Commodity financing and trading has faced a whirlwind 12 months, from a spate of high-profile fraud scandals across Asia, to the closure of LME’s ‘The Ring’, the industry has undergone intense change.

The common theme driving this change has been the industry’s reliance on manual, paper-based processes and a reluctance to embrace technology. COVID-19 may have closed ‘The Ring’, though this was long overdue for a physical trading environment that seems archaic when compared with other industries. 

In Asia, it was the multiple instances of fraud across commodity financing at the end of last year which shone a light on just how needed reform was.

Why trade finance allows fraud to flourish

Many of the issues surrounding commodity financing are down to its reliance on paper. This is a characteristic of the broader trade finance space, which has been in desperate need of an overhaul for many years.

Many of the components which make up the commodity financing space remain open to fraud. Invoice financing, forged documents and fake trades are all made possible by the long chain of players involved in traditional trade financing. The crux of the issue is that these players do not ‘speak’ to each other. There is no overarching system which enables identification of transactions and documentation at any point. An immutable, distributed ledger is the clear solution to overcoming the chronic challenges in commodity financing fraud.

Basic transactional trade and commodity finance is based on third party confirmation by forwarders and custodians. Therefore, thorough due diligence of the actors in the chain is paramount. A blockchain-powered network can ensure that each party can exchange document information for verification. This would be useful for documents such as Bills of Lading which have historically been used in fraud cases by bearing the same vessel name and aggregate cargo, differing only in date.

On a blockchain-powered network, banks, corporates, and trade asset marketplaces each operate a ‘node’ and have a verified identity on the network, and the flow of information is two-way. The result is documents can be verified to validate their authenticity and integrity, as well as encrypted for total privacy, while still enabling third-party registries to connect and verify information on a common network.

“A blockchain-powered network can ensure that each party can exchange document information for verification”

This would also mitigate the risk of players setting up fraudulent trade transactions in order to obtain financing from banks.

Invoice fraud in commodity financing is made possible by the weak link between the actual value of the invoice and the transaction that generated that invoice. In real life, loaded quantities differ from agreed quantities; qualities vary; and ships are late.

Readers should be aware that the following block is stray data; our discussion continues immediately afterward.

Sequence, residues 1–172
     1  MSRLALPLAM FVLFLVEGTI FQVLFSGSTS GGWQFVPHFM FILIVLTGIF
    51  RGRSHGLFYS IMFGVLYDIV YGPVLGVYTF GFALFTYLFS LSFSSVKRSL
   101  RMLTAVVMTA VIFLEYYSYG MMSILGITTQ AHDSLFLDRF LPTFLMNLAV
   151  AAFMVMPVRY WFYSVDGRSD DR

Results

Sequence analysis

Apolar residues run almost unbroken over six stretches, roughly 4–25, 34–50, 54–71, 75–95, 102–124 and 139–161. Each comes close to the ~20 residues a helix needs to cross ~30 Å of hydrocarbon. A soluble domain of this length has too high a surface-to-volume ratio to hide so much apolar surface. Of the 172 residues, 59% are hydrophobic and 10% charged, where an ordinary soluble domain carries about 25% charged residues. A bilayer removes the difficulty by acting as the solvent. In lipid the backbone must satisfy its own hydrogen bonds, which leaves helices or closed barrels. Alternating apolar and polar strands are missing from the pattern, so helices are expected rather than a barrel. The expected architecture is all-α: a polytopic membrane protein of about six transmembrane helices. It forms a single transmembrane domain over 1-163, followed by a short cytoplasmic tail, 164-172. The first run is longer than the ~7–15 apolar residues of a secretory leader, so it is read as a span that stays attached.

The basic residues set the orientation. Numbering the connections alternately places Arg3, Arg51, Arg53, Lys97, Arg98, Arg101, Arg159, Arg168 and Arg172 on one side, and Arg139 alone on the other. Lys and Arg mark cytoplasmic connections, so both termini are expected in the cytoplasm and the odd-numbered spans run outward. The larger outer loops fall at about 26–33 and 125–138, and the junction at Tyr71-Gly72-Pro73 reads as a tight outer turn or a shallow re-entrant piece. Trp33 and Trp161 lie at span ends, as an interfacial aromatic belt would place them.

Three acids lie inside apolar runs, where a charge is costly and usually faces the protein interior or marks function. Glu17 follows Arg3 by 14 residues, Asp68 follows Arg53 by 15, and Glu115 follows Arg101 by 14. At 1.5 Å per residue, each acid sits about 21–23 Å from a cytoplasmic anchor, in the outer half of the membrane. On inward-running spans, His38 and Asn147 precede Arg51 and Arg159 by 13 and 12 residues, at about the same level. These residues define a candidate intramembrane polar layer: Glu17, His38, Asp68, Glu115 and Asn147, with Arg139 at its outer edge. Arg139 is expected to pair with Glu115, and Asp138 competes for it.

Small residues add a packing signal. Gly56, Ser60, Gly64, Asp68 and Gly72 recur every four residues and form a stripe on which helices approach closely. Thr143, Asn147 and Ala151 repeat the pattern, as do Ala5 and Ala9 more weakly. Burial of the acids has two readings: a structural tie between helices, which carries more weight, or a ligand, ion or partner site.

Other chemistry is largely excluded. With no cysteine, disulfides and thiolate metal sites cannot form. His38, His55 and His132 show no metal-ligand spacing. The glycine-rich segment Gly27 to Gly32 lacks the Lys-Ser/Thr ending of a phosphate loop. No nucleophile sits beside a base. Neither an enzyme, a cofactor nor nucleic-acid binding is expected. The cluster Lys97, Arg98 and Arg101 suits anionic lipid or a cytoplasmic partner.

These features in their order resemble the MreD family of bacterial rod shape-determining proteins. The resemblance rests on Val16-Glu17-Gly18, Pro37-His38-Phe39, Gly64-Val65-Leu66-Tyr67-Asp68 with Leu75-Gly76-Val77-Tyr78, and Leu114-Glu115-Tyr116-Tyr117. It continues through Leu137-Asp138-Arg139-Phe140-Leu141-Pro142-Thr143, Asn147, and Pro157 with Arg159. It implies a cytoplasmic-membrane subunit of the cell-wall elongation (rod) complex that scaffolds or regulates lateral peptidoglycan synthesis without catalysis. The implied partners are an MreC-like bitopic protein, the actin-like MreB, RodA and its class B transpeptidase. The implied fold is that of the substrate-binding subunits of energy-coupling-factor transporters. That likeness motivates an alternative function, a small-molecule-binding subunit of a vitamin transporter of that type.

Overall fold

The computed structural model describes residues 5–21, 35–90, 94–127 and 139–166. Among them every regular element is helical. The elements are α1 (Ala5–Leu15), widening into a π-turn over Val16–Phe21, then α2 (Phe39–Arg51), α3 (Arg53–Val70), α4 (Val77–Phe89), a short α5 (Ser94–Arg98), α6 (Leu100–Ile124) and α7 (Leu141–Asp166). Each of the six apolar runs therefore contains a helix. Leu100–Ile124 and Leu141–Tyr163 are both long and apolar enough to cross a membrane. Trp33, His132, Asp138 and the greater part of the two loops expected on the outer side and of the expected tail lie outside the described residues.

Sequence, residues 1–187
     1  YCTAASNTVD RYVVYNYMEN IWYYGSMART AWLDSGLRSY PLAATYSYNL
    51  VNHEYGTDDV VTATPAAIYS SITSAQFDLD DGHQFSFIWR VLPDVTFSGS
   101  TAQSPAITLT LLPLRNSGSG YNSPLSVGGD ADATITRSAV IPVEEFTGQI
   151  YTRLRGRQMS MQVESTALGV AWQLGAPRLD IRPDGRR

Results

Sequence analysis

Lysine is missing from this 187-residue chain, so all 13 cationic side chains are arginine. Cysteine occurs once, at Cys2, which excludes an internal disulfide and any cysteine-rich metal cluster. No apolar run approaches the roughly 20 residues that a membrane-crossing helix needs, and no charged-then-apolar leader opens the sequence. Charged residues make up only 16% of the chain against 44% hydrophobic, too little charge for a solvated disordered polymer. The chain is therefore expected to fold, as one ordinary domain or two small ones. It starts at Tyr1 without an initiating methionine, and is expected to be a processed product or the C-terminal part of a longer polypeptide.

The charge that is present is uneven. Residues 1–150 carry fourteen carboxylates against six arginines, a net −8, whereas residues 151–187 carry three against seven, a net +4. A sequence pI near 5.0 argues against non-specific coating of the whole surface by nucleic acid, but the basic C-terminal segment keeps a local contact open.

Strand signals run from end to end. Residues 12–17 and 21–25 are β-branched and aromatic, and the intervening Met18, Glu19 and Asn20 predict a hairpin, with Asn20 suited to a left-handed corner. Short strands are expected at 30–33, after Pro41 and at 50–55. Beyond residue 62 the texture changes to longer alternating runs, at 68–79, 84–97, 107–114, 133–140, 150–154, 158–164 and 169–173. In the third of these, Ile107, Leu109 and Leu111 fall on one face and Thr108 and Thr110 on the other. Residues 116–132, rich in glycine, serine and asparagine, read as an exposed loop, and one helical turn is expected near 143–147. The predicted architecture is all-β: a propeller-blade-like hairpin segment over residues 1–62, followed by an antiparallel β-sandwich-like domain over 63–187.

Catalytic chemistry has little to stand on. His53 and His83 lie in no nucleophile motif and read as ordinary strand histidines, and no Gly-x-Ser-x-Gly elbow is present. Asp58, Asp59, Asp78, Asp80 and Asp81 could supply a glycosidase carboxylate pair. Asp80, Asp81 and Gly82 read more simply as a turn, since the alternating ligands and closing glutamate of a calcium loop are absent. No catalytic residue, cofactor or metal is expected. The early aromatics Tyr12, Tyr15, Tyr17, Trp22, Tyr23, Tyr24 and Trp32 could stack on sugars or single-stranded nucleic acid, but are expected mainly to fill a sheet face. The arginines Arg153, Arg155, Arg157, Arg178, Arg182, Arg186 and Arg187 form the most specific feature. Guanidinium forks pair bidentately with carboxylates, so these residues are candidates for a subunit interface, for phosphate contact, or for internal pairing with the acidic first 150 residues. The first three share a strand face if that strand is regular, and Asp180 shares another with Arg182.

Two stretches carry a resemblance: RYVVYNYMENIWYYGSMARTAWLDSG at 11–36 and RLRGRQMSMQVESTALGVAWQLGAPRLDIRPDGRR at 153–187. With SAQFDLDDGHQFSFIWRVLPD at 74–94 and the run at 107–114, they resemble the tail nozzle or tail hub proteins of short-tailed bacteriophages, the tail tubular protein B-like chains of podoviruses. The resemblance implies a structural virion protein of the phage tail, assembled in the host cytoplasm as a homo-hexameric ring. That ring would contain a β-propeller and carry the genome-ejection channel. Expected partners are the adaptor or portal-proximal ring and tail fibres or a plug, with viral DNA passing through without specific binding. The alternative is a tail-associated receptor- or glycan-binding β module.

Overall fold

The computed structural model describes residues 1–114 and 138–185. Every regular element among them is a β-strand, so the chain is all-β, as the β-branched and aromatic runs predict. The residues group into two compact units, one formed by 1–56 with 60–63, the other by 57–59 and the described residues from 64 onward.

The fraud risk taken on by the banks in a trade finance network would be lowered considerably if there was an industry-wide system that could be relied upon to ensure confirmation of documentation identity.

The decentralised and distributed nature of blockchain technology makes it ideally suited to tackle the disparate, siloed parties that currently make up trade networks as we know them. An overarching, transparent ledger which sits above all the transactions in a trade network can identify fraudulent activities which occur at areas where banks have limited visibility and control.

The next generation of commodity finance

What is clear is that commodity financing and trading bears some historical attributes that make it particularly susceptible to fraud. Countries which have been badly affected by this challenge have sought to implement technology-driven responses and should be commended for their part in disrupting the status quo.

Tharman Shanmugaratnam, Senior Minister of Singapore

In October last year, Singapore’s financial regulator called for a move away from paper-based trade transactions in a bid to reduce fraud. The country’s Senior Minister Tharman Shanmugaratnam, who is also in charge of the Monetary Authority of Singapore (MAS), called “weak disclosure practices and internal controls” the reason behind the spate of cases.

If the first step to recovery is recognition, then Singapore’s identification of the processes which characterise not just its own trade processes but those worldwide, puts the nation in a good position to reshape the narrative.

The Monetary Authority of Singapore’s approach of partnering with industry participants and government agencies to digitalise trade financing and replace the current paper-based systems with electronic documents and data flows is undoubtedly the way forward. 

What is important now is that other countries follow Singapore’s example and replicate its timely, co-ordinated response to trade fraud. In doing so, they can not only safeguard their own status as guardians of trade, but help bring about a wider, global change in trade finance. What is certain, is that change is needed.